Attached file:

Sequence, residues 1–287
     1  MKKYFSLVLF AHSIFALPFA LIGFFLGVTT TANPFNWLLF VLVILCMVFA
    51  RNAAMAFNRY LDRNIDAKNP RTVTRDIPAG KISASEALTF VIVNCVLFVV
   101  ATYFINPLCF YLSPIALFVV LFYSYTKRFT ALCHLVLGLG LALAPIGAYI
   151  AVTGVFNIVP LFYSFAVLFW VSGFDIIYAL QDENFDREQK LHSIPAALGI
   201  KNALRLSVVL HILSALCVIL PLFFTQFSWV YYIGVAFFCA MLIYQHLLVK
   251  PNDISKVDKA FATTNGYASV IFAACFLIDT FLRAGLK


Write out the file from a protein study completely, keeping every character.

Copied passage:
Sequence, residues 1–287
     1  MKKYFSLVLF AHSIFALPFA LIGFFLGVTT TANPFNWLLF VLVILCMVFA
    51  RNAAMAFNRY LDRNIDAKNP RTVTRDIPAG KISASEALTF VIVNCVLFVV
   101  ATYFINPLCF YLSPIALFVV LFYSYTKRFT ALCHLVLGLG LALAPIGAYI
   151  AVTGVFNIVP LFYSFAVLFW VSGFDIIYAL QDENFDREQK LHSIPAALGI
   201  KNALRLSVVL HILSALCVIL PLFFTQFSWV YYIGVAFFCA MLIYQHLLVK
   251  PNDISKVDKA FATTNGYASV IFAACFLIDT FLRAGLK